Establishing an Action Plan

Question: What first steps would you recommend others take upon being diagnosed?


Monica Knoll: The first thing they should do is really stay calm. They usually find out from the-- First of all, they usually find out that they’ve got breast cancer most often through a radiologist or the radiologist will call the primary care physician and give the news to him or her to forward on to the patient. So you really need to start to-- You’re panicked. It feels like someone kicked you in the stomach when you hear “I’m sorry to tell you this but your tumor’s malignant.”

The next step is to really see a breast surgeon and the breast surgeon is the person that’s going to determine whether your tumor needs surgery first or whether it needs to have chemotherapy first before the tumor’s removed or radiation. It’ll-- The surgeon determines the- what the treatment process-- what direction you’re going to go in so I always say take a deep breath, find any-- Honestly, I found any breast surgeon just to answer questions-- I found out on a Friday and it was the Friday of Columbus Day weekend. To find a surgeon that was willing and able to meet us on a Monday-- Most of them had the day off. To go those-- the weekend without knowing anything was just really frightening. I can say that everybody’s breast cancer or any kind of cancer tumor is very individual and you can’t go on the internet and start researching before you know exactly what the tumor entails.

There’s a lot of detail information that doctors won’t know until even after the surgery so to panic and go into reading the what ifs before you know exactly what your tumor detail is is really-- It’s a bad idea. So I tell people to stay calm, call their insurance carrier. That’s the first thing to do. Find out of if- what your insurance can cover. Find out how to find doctors that are covered in your insurance so you don’t have to have excessive medical bills. That’s really important. And also once you call the insurance carrier ask if there is a person that you can speak with on an ongoing basis, one person who can be sort of an account manager so you don’t have to talk to new people very single time you pick up the call. That’s important too because you need that partner in the insurance area to answer questions.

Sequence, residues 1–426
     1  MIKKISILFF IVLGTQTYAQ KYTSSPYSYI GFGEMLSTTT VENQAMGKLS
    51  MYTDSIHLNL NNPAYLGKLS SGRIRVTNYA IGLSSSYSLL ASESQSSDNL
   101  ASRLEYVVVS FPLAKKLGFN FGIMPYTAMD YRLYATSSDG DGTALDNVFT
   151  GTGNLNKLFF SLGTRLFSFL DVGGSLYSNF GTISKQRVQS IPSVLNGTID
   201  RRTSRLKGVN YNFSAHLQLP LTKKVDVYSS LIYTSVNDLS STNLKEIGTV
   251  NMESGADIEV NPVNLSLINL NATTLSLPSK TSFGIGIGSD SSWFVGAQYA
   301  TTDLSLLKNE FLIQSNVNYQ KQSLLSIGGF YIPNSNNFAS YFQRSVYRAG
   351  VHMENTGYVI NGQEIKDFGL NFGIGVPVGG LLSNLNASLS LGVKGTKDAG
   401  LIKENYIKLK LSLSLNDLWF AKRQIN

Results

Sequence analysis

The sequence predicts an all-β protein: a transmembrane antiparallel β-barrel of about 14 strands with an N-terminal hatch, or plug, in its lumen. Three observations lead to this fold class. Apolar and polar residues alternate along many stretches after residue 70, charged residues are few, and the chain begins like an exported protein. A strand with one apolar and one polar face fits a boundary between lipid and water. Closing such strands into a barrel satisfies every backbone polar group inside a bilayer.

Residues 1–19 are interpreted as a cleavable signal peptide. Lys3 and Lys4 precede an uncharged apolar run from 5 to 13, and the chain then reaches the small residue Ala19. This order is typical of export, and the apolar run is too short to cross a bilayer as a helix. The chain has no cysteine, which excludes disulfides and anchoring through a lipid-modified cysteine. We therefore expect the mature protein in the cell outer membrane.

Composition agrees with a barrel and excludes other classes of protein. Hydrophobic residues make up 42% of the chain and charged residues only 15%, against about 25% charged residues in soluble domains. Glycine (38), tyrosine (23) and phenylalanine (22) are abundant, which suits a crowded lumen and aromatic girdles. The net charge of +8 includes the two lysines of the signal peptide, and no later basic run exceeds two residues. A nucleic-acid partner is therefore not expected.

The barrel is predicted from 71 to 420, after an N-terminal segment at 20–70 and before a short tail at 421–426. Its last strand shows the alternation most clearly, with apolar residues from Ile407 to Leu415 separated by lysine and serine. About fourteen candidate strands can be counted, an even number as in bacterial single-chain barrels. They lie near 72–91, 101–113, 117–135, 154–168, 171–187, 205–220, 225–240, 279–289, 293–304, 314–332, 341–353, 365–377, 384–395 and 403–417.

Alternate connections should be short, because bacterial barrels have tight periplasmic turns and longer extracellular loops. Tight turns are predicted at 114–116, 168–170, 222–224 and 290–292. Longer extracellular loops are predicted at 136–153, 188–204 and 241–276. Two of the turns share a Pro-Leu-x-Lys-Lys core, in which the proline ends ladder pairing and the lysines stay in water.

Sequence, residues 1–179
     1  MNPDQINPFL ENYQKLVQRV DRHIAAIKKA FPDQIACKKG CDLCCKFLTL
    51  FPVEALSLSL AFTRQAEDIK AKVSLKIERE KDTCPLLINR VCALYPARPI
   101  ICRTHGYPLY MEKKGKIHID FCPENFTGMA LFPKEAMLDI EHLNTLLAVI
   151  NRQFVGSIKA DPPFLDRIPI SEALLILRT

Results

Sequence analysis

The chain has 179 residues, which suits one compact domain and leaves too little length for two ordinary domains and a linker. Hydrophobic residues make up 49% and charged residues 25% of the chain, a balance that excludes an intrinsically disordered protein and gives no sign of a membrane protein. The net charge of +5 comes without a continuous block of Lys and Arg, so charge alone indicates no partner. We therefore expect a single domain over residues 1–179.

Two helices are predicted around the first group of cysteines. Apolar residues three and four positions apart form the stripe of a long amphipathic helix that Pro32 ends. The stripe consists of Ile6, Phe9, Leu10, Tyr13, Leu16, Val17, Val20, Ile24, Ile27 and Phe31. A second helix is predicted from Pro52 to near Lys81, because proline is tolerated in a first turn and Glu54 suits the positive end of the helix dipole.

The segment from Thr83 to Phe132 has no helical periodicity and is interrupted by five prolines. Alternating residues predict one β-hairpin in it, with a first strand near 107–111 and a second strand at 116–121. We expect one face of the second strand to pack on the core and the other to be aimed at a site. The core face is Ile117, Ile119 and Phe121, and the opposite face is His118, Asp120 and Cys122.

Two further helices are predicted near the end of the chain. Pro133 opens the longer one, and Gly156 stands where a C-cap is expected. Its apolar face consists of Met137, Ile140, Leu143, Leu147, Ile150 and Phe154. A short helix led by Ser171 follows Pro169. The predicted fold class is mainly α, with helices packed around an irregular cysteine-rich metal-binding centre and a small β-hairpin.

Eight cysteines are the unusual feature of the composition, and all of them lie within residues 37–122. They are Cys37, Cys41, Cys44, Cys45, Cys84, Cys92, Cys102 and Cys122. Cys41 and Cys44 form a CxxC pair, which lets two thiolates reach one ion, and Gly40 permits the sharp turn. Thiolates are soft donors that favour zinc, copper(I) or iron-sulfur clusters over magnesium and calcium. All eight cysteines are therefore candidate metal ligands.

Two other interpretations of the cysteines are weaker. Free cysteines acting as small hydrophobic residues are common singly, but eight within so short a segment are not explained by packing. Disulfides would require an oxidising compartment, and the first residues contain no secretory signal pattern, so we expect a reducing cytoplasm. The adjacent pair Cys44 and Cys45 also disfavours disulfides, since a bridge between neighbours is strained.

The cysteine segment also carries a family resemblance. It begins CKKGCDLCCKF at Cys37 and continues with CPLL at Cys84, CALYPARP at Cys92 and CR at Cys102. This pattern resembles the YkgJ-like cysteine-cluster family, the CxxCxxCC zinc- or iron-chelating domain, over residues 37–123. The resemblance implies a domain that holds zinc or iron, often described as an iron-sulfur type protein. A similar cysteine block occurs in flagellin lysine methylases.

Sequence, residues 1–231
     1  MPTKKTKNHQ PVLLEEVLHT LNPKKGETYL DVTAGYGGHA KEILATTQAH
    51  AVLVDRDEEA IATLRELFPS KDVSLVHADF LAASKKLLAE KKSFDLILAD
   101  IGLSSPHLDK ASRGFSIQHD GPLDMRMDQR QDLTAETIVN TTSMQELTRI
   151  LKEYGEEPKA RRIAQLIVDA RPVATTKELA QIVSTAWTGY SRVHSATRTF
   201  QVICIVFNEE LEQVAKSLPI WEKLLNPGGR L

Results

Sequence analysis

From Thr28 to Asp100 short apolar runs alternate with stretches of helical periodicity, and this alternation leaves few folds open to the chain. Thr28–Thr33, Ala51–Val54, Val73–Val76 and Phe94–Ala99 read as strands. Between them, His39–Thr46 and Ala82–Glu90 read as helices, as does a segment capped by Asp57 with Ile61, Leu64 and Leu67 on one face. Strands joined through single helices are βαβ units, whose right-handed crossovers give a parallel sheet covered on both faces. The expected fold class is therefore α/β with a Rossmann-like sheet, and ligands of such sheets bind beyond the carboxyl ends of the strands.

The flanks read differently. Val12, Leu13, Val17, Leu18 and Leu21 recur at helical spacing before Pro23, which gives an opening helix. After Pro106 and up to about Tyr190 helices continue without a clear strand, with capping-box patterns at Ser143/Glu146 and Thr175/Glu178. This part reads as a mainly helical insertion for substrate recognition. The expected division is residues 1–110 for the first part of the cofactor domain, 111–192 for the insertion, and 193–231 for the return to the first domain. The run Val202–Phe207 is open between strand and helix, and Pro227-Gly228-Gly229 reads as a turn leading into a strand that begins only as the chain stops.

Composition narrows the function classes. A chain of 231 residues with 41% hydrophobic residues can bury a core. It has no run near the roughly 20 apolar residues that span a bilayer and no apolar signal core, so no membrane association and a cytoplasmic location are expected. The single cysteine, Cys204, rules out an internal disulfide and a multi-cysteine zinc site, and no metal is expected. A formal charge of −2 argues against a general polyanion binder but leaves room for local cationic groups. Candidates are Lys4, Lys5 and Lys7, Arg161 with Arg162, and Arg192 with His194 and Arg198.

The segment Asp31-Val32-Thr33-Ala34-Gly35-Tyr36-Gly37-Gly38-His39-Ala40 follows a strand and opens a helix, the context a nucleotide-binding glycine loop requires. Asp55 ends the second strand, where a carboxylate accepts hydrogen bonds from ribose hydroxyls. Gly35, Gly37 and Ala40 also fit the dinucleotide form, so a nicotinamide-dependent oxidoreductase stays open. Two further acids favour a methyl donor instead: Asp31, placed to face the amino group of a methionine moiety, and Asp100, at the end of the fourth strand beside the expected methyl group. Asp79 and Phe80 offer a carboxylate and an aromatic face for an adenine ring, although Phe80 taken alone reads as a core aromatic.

Question: What can ease the financial burden of breast cancer treatment?


Monica Knoll: I like to tell people not to panic about any potential financial burdens because if they have insurance or little insurance the first thing they need to know is what’s covered. If they have little insurance or no insurance, there are resources out there for patients to help them manage their medical bills. Whether they help them negotiate lower prices, whether they go to the pharmaceuticals directly and ask for free chemotherapy, which can be provided based on their income, there are absolutely resources to help those patients. And I have a list of those resources on my web site.

So one of the major organizations that I like to tell patients about if there’s a issue with their medical bills is to go to the Patient Advocacy Foundation and they’re based in Washington, D.C. They have an 800 number. They have a web site and they have people there who can help people with-- anyone with a language barrier or cultural barriers, financial barriers, so if you’re-- if you speak Spanish there’s an-- there is someone there to help them in their own language and help them manage and cope emotionally and financially to get them the help they need. The biggest unfortunate situation is that the highest rate of deaths are with people with language and cultural and financial barriers. And the medical community advocacy, the government, everybody is aware of this issue and doing everything they can to provide information and reach out to this demographic to make sure that their service-- their needs are covered and to let them know that they don’t need to go home. It’s not a death sentence.